If your loved one is seemingly trapped in this cycle of treatment, you can help.
Everyone should know what is coming up.Â There should be a realistic expectation of the procedure, how long itâ€™s going to take, and what itâ€™s going to feel like afterwards.Â Will there be a cast?Â Will there be a long period of bed rest or limited activity?Â How long will it be before we can swim or play?Â Will we be able to bathe or brush our hair?
There may be pain, and weâ€™re going to deal with it.Â It may just be a little stick, or perhaps a pain that requires medication.Â People dealing with pain will need to know how to deal with it and how to communicate their level of pain.Â There is no such thing a â€œtoo braveâ€ to admit to hurting.Â And knowing that the pain will get better can be very reassuring.
If your loved one is in medical crisis then everyone becomes a patient.Â The stress of procedures and treatments puts stress on the rest of the clan, too.Â They may not need the same level of care as someone who is sick, but they need the same level of attention.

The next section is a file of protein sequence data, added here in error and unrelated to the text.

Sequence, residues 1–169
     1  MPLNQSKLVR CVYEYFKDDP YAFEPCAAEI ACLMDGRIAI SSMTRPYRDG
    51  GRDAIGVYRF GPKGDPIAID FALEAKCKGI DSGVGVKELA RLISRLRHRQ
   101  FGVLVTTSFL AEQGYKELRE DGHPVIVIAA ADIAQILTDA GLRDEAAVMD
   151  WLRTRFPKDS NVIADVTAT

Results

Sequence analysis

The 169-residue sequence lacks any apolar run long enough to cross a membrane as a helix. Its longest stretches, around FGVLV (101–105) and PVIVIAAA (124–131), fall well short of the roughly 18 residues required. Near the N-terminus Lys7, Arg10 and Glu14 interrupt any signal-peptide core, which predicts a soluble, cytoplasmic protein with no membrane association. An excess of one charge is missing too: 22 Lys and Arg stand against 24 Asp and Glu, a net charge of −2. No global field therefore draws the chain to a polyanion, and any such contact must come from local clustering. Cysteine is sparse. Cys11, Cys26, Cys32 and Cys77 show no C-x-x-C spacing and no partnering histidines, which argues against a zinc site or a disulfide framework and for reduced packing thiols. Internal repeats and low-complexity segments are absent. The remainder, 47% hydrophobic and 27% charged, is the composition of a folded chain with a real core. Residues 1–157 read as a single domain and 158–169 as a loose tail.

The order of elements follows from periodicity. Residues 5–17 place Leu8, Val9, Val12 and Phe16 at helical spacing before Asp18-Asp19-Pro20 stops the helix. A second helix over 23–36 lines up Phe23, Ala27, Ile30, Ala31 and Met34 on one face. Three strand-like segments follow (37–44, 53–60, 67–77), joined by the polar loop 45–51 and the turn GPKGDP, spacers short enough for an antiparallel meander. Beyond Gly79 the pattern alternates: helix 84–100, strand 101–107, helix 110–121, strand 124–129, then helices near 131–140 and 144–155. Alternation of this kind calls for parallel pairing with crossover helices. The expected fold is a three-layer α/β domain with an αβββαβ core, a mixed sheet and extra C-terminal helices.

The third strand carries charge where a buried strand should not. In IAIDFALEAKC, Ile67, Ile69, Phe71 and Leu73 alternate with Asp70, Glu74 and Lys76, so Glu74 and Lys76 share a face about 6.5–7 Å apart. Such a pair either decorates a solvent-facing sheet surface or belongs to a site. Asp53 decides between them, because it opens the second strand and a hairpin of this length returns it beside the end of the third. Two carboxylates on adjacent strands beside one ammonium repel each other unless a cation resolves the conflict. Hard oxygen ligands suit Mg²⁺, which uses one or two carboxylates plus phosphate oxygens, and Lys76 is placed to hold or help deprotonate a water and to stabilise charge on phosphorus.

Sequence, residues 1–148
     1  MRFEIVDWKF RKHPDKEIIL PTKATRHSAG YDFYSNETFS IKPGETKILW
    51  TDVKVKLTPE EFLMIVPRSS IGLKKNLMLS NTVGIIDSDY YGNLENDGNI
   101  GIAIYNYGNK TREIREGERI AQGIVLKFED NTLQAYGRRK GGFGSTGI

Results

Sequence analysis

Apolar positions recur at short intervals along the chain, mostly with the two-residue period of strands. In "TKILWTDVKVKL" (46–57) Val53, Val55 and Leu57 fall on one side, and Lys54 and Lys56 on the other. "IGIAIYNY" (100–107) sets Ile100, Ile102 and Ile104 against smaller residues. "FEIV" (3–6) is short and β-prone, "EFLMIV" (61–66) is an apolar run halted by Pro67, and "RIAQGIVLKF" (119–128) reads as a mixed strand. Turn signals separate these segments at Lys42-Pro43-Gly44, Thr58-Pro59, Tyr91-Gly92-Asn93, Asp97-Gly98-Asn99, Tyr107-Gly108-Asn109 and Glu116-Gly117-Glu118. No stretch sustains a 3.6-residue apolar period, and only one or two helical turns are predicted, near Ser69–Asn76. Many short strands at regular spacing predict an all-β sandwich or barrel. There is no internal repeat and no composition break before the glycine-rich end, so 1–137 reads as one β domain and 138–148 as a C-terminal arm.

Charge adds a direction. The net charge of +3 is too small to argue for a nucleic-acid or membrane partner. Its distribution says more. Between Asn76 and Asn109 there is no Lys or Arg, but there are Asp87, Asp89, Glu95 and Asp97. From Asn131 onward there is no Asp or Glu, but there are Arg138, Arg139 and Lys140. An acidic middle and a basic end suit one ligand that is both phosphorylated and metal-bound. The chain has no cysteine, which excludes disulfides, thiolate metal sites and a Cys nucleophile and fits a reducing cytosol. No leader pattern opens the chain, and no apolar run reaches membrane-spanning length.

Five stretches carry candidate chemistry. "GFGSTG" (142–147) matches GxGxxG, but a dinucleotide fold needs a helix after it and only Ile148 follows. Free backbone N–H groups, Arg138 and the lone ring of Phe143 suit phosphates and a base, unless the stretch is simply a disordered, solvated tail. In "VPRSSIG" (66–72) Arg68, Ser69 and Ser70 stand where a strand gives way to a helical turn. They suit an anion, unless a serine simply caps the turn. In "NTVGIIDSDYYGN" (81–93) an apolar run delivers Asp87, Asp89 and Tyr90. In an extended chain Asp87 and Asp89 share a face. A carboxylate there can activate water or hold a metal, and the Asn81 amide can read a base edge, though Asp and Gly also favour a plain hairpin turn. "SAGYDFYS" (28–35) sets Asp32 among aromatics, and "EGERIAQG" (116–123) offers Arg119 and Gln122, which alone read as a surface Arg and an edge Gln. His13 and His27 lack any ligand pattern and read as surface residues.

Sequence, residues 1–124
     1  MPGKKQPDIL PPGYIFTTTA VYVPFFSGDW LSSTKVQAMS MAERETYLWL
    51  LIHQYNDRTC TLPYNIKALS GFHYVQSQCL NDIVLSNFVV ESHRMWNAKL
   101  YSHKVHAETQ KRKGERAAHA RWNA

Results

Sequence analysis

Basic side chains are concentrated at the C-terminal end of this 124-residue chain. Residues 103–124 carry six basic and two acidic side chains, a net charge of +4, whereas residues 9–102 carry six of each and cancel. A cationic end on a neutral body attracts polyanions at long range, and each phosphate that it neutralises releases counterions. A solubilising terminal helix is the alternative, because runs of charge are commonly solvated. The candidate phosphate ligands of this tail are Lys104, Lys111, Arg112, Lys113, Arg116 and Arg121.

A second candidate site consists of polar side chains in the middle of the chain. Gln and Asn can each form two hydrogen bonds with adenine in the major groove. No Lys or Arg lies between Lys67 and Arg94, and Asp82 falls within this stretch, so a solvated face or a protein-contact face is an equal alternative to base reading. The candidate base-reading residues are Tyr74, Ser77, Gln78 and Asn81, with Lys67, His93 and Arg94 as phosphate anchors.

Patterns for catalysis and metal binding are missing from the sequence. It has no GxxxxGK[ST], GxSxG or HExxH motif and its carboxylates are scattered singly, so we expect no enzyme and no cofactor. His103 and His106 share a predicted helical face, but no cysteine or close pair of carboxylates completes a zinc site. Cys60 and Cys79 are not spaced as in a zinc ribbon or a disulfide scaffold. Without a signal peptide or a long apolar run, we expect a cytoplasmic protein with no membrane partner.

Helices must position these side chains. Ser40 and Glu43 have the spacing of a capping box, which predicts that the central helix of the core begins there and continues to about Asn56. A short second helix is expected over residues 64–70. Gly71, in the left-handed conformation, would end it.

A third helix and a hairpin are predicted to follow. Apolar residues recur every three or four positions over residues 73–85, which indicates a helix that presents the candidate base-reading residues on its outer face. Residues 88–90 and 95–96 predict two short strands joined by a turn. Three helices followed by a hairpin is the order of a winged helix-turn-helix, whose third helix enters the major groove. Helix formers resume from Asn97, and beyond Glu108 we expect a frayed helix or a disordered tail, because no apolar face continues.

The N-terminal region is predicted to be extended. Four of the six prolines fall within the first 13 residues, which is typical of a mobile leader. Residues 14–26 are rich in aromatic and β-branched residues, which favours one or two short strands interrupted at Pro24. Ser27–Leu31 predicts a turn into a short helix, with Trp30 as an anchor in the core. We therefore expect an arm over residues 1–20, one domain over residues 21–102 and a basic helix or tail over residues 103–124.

Lastly, just be there.Â Some of the most difficult aspects of going through a series of procedures are the uncertainties, fears, and the disruption of life.Â Pack a smile as a part of your wardrobe, keep laughter on your daily menu, and make tomorrow #1 on your â€œthings to doâ€ list!
Cantaloupes.Â Fruit is good for you, right?Â It apparently matters where it came from.Â A farm in Colorado sent tasty melons to outlets across the United States, and they were tainted with listeria.Â 150 people became violently ill and 29 people died.Â It was far from the first such outbreak, but it was certainly another wakeup call.Â Outbreaks of foodborne illness have involved everything from beef and meat products to vegetables and peanut butter.Â Take some advice:Â wash thoroughly and cook properly.